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One of the requirements for baking matzah is that the water used to bake the matzot must be “mayim shelanu,” water that has “rested” overnight.1 This is because water that is warm, even slightly, can cause the dough to become chametz quicker than cold water.

Water that will be used to bake matzot is drawn from a spring or well slightly before sunset and left to cool overnight.2 Some also filter the water. One should be sure that the container that the water is stored in is covered.3 The water may then be used anytime, even many days later,4 though some authorities rule that one should only use water for baking matzah that was drawn the previous night.5 It is best not to store the drawn water in metal utensils, as metal is a conductor of heat and may cause the water to become warm. So too, the utensils used to store the water should be those that have never been used to store other liquids.6 The requirement to use mayim shelanu extends to all matzot, even those that are not shmura and not used at the Seder.


There are several reasons for the requirement to use mayim shelanu. According to some, the reason is that the wells and springs are warm in the springtime, and cold water must be used for baking the matzot. Drawing the water the night before it is used allows the water to cool to the desired temperature.7 Others say that at night, in general, the water in the wells and springs are warm and thus need until the next day to cool.8

There is also a view that the water used for matzot may be drawn at any time and merely left for 12 hours before use.9 Common custom, however, is not in accordance with this view. The water used for matzot is always drawn at about sunset, with some sources recommending drawing the water bein hashmashot, between sunset and dark.10 Even in hot climates, where the wells and springs produce water that is cooler than water left at room temperature overnight, one must allow the water to “rest” overnight. This is because the decree that the water used for matzot must be left overnight applies at all times and places.11

It seems that most authorities allow one to use tap water for baking matzot (as long as it is drawn the night before use).12 Other authorities frown upon doing so, arguing that tap water frequently has fluoride and other chemicals added to it that might cause the dough to rise faster.13 So too, there is a concern that water from a city water supply may come from an open reservoir in which the water is heated by the sun.14 Nevertheless, tap water is regularly used for matzot, especially machine-made matzot, and the common custom is to allow it.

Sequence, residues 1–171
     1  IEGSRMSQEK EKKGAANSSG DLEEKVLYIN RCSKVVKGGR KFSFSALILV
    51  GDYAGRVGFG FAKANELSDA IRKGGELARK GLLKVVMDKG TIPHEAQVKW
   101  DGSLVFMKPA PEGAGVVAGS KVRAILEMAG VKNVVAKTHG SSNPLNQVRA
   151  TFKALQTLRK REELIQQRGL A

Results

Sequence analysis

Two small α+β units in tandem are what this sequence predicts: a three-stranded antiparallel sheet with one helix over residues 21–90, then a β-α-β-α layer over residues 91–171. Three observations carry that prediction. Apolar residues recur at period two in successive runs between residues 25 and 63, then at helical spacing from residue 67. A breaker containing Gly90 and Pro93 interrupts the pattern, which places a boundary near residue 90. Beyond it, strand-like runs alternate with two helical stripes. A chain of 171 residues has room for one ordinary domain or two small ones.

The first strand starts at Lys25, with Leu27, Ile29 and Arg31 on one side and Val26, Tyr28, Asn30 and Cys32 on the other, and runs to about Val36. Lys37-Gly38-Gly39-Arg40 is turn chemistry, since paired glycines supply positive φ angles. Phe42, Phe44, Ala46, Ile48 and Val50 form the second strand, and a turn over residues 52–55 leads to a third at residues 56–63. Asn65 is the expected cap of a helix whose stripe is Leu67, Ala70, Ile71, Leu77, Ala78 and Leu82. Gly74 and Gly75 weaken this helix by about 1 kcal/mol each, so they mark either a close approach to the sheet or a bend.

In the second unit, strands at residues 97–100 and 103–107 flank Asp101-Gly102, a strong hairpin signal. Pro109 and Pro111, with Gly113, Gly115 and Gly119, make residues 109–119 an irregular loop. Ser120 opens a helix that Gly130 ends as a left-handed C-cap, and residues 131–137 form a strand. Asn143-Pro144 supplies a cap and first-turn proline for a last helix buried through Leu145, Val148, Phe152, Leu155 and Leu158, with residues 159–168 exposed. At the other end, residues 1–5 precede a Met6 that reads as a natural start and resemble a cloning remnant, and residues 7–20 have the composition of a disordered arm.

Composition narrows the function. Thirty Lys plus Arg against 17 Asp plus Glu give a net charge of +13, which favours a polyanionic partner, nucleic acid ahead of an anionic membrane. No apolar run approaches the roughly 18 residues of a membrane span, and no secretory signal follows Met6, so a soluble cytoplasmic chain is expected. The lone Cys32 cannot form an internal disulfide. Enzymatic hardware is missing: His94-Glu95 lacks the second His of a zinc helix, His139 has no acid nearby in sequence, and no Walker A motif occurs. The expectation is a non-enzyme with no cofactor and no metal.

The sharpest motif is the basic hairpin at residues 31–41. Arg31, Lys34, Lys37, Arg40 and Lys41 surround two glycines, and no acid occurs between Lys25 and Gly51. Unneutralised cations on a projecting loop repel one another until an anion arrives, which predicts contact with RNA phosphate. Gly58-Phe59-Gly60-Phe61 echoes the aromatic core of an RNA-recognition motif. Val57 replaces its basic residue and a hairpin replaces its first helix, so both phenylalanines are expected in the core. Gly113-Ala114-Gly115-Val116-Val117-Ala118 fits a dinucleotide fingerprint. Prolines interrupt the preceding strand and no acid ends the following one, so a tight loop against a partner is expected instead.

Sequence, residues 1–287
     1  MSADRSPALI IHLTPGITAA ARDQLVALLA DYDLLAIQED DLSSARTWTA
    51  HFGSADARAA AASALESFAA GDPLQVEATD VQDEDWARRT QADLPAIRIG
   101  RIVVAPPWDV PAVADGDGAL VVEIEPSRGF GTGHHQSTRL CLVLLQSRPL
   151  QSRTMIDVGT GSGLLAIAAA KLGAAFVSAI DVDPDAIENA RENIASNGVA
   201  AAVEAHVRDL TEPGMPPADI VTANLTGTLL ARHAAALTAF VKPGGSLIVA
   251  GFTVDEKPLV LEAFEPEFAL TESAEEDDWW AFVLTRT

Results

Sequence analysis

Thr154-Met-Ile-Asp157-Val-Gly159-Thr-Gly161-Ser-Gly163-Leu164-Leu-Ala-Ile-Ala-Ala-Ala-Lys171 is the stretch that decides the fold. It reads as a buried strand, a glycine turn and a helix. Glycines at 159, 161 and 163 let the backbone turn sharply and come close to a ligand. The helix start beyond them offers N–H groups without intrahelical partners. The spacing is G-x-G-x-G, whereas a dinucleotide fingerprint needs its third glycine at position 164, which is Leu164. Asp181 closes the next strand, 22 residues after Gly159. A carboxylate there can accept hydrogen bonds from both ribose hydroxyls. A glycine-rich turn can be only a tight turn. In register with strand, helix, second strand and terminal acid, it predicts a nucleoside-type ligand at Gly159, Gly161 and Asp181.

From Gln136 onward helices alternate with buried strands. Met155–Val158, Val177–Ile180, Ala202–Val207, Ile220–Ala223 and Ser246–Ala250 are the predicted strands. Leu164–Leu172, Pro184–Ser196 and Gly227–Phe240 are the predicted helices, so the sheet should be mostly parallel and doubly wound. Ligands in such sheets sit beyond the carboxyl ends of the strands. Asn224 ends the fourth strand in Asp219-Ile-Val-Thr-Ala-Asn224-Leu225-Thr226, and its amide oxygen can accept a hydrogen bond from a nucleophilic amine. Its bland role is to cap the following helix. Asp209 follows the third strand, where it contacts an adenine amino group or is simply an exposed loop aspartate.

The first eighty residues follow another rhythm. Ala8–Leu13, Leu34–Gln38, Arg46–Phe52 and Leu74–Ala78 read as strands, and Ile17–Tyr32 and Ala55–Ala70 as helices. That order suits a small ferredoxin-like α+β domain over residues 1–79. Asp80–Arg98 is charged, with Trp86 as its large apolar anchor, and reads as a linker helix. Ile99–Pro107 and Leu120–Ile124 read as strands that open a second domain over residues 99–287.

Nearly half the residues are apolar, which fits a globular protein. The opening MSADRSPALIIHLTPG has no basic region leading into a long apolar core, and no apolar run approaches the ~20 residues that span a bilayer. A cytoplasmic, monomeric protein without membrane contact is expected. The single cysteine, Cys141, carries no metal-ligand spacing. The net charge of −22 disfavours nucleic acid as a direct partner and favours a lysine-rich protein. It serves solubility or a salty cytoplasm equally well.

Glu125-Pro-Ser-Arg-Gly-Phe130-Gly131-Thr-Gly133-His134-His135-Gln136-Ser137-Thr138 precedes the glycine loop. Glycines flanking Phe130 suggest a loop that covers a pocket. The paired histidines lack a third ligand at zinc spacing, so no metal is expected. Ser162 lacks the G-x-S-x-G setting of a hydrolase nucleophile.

One who does not have mayim shelanu may not bake matzot.15 The only exception to this rule is for one who has no matzot at all for the holiday. Such a person is permitted to bake the bare minimum amount of shmura matzah that is needed for the mitzvah of matzah at the Seder. In such a situation, one may use any cold water to bake one’s matzot.16 So too, one who is running low on mayim shelanu may add cold tap water to the supply of mayim shelanu, as long as the original mayim shelanu is at least half, but preferably two-thirds, of the total water content.17 In addition, the water used for baking matzot should only be drawn by a Jew.18



  1. Pesachim 42a. In addition to the water having to be left overnight, a minimum of 12 hours must pass from the time it is drawn until it is used. Therefore, if sunset is at 8 pm and sunrise is at 6 am, the water may not be used until 8 am. Kitzur Shulchan Aruch 109:1.
  2. OC 455:1,3; Mishna Berura 455:4.
  3. Kitzur Shulchan Aruch 109:2.
  4. OC 455:1.
  5. Be’er Heitev 455:7; Kitzur Shulchan Aruch 109:3.
  6. Magen Avraham 455:9; Kitzur Shulchan Aruch 109:6.
  7. Rashi, Pesachim 42a.
  8. Yereim 52.
  9. Tur, OC 455:1.
  10. Kitzur Shulchan Aruch 109:1; Mishna Berura 455:4; Kaf Hachaim, OC 455:11.
  11. Mikraei Kodesh, Pesach 2:7.
  12. Halichot Shlomo, Pesach 7:3.
  13. Moadim V’zmanim 3:261.
  14. OC 455:3, 459:6; Shearim Metzuyanim B’halacha 109:3. See also Shraga Hameir 3:22.
  15. Rambam, Hilchot Chametz U’matza 5:1,2.
  16. Mishna Berura 455:36.
  17. OC 455:4; Kitzur Shulchan Aruch 109:7; Chayei Adam 128:11; Mishna Berura 455:38.
  18. Rema, OC 455:1; Kitzur Shulchan Aruch 109:5, but see Kitzur Shulchan Aruch 109:8 for an exception to this rule.

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Rabbi Ari Enkin, a resident of Ramat Beit Shemesh, is a researcher and writer of contemporary halachic issues. He teaches halacha, including semicha, one-on-one to people all over the world, online. He is also the author of the “Dalet Amot of Halacha” series (9 volumes), the rabbinic director of United with Israel, and a rebbe at a number of yeshivot and seminaries. Questions and feedback are welcomed: [email protected].